Is more choice always better? Our culture of consuming would seemingly make that to be the case. More choices, more options, all with greater convenience than ever before. Constraints are definitely a bad thing, right?
I disagree with the philosophy that more choice is always better. I believe that sometimes imposing additional constraints on a problem allow you to find truly superior solutions. From a purely logical point of view this might not seem to make any sense. How could reducing your amount of choices improve your solution? As illogical as it may seem, I’ve found that to be the case.
As some of you may know, I spent a good part of the last two and a half years installing habits in myself. I was waking up early, exercising for over an hour every day, not watching television and I switched to a completely vegetarian diet (which I still follow today). From an outsiders perspective I must have looked like I had gone crazy.
From the traditional perspective of more choice is better, what I was doing was completely masochistic. Creating more restrictions for my life seemed to be a completely insane exercise. At least from an outsiders perspective.
But from the inside I began to see things quite differently. When I started restricting away the lower value aspects of my life I was able to fit in a lot more higher value aspects. By restricting myself I was forcing myself to get productive and creative in adding more value to my life.
Joining toastmasters, starting this blog, coaching soccer and various other incredibly valuable activities I took up wouldn’t have been possible if I continued to permit lower value activities.
Traditional economics assumes people rationally invest their resources into the pursuits that will yield the most value. I think this is a little naive. Most people invest their time and energy into the path that gives the most short-term gain, the easiest path. Even when a slightly more difficult path could yield considerably more value.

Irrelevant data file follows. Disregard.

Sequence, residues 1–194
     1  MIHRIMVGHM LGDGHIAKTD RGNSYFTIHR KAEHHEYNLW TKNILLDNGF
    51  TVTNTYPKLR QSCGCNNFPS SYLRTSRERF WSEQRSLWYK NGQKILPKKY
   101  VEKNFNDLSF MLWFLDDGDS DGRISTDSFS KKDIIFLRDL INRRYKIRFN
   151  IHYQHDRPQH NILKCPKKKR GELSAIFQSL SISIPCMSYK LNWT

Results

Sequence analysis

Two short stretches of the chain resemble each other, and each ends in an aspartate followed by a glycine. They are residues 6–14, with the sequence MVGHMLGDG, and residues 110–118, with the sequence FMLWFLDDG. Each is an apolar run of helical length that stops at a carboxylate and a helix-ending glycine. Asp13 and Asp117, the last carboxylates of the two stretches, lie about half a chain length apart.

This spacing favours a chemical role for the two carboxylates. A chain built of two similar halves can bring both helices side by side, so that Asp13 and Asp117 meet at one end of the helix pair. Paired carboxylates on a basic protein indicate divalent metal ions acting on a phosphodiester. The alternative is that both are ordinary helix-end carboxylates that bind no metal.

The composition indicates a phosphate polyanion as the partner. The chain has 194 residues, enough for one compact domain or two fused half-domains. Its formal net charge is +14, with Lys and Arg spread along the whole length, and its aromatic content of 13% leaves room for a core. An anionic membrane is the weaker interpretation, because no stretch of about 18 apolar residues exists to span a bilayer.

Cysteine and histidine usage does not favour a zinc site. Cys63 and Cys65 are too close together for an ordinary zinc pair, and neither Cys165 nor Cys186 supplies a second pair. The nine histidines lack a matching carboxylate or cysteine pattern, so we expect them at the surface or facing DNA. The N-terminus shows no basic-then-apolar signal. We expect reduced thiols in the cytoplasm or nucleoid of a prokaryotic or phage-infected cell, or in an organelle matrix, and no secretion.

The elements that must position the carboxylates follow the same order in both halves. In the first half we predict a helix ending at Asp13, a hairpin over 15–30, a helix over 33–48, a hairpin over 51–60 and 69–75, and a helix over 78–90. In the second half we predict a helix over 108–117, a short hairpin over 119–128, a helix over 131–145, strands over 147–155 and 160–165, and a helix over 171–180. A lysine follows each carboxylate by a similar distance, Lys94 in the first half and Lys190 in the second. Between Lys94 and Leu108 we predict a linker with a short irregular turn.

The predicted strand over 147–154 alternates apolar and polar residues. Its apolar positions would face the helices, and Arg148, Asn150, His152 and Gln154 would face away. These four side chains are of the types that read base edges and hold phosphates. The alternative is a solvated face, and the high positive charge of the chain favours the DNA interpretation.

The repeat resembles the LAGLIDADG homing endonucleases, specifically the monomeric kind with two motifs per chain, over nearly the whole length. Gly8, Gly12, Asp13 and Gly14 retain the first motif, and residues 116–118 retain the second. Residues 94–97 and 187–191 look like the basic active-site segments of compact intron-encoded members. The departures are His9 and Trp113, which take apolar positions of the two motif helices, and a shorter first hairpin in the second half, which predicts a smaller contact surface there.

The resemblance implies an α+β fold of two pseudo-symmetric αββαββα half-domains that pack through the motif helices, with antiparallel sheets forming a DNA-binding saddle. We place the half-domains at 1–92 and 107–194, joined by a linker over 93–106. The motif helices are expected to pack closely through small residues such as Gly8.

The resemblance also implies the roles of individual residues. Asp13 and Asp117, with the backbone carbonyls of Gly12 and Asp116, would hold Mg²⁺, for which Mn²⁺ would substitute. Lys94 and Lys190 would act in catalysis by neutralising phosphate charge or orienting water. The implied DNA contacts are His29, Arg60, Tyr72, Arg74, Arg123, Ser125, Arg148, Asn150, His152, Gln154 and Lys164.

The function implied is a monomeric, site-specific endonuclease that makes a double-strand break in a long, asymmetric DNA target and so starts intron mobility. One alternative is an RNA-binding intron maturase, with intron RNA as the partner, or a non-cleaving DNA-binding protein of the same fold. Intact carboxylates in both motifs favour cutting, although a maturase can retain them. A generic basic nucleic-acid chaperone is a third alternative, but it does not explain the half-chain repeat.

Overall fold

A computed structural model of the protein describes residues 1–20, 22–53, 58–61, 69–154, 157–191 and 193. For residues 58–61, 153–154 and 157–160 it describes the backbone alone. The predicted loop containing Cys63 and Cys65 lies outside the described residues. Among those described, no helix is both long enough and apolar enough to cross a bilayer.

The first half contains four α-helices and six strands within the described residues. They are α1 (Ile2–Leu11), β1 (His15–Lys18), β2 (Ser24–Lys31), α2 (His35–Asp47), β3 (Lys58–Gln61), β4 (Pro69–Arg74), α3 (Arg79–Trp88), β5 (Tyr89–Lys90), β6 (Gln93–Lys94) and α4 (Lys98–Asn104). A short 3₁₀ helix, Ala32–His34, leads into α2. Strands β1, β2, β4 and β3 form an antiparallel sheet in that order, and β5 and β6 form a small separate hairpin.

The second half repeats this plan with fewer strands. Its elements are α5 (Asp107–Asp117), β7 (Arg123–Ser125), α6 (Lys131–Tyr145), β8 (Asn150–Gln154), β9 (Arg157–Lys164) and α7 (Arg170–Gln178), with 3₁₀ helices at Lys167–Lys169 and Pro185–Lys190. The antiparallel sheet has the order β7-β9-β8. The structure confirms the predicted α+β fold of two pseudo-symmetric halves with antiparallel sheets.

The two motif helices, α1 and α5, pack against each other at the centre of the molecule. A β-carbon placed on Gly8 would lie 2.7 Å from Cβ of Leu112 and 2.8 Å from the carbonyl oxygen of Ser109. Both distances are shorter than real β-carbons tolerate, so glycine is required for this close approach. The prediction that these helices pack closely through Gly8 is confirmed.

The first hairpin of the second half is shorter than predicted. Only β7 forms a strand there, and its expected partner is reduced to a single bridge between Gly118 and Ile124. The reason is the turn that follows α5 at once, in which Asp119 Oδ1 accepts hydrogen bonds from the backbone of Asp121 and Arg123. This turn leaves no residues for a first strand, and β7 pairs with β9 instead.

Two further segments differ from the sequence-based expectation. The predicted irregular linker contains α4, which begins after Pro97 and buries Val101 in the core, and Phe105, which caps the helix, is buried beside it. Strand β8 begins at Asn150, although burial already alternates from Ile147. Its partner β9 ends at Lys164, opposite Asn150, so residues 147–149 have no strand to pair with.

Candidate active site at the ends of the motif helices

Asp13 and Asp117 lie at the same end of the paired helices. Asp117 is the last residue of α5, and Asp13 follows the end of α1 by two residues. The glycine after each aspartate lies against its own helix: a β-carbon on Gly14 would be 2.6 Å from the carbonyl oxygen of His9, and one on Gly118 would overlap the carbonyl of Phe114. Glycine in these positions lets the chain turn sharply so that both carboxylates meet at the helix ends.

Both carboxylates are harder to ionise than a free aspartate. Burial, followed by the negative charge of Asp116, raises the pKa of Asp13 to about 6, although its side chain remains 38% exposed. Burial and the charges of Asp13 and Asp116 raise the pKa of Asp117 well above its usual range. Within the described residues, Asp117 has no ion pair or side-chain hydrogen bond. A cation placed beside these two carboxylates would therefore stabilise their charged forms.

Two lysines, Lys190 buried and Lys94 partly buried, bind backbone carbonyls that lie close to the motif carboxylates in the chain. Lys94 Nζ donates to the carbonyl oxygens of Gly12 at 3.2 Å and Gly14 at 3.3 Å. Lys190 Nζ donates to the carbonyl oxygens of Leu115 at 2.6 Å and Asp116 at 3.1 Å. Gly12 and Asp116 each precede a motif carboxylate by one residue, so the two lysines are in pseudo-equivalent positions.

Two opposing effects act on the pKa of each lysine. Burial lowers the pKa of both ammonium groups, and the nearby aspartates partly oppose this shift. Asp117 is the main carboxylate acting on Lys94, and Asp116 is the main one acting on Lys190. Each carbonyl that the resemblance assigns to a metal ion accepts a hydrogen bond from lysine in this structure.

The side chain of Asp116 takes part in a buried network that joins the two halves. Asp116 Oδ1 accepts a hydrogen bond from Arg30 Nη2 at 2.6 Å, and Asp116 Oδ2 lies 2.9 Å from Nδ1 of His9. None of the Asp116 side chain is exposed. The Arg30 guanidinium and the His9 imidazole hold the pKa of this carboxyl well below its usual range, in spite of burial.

This notion of constraints doesn’t just mean limiting activities. It also happens when we restrict our resources. I’ve noticed that some of my most productive and energetic moments happen when I am already busy. A mild restriction on time or energy can create the illusion of scarcity and drive you to take action.
Currently I am in my winter break for my term and I noticed it was hard to be as productive as I was when I had school to do on top of everything else. When I felt that there was an infinite supply of time I accomplished less than when there was a restriction.
Most of our problems don’t arrive out of a lack of choices. They lack out of a poor quality of choices. Every day you and I are flooded with options for how to spend our time, energy and money. Watch television, go to work, eat at this restaurant, join this gym, etc.
An abundance of choices and a lack of quality. So our brain, unable to process this many choices seems to flow down a sort of middle road. The options that will provide us with a fair short-term return for little initial investment. Unfortunately the hidden gems of opportunity go unnoticed in the heaps of trash.
The start of improving your life is to cut off all the choices that are below your minimum threshold for long-term quality. This will remove the heaps of worthless trash from your life so that you have a chance to see the true diamonds that lie waiting there.
Determine what activities you indulge in that really don’t contribute much value to your life. Look at what activities are sapping your resources and providing very little long-term benefits. Go through and replace these habits with something more valuable.
This method of imposing additional constraints doesn’t just affect your patterns of behavior, it affects your decisions. Have you settled for a career, relationship or set of circumstances simply because you didn’t declare a higher standard for yourself?
When people go about making difficult decisions the major worry that comes in most peoples mind is, “What if I fail?” That is a legitimate worry, but I think it often overrides the far greater worry of, “What if I settle?” I think there is a far greater chance of you settling for less then you are capable of then that of failure.
Creating constraints can in some cases, restrict you to a lower position than you would be in otherwise. I’d be lying to you if restricting behavior or decisions can sometimes leave you with a sudden lack of effective options. You certainly can go overboard in your restrictive attempts, but I think that this is not the problem for most people.
If I had a magic calculator that could sum up all the increased value I received by using this practice of restricting lesser options and subtract from it all the times I lacked choice, I suspect the amount of gain would be huge.
Raise your standards and restrict the aspects of your life and your decisions that don’t provide enough value. Start imposing some additional constraints. Most people fear failure, I fear mediocrity. Just looking out at the world I think my fear is more justified.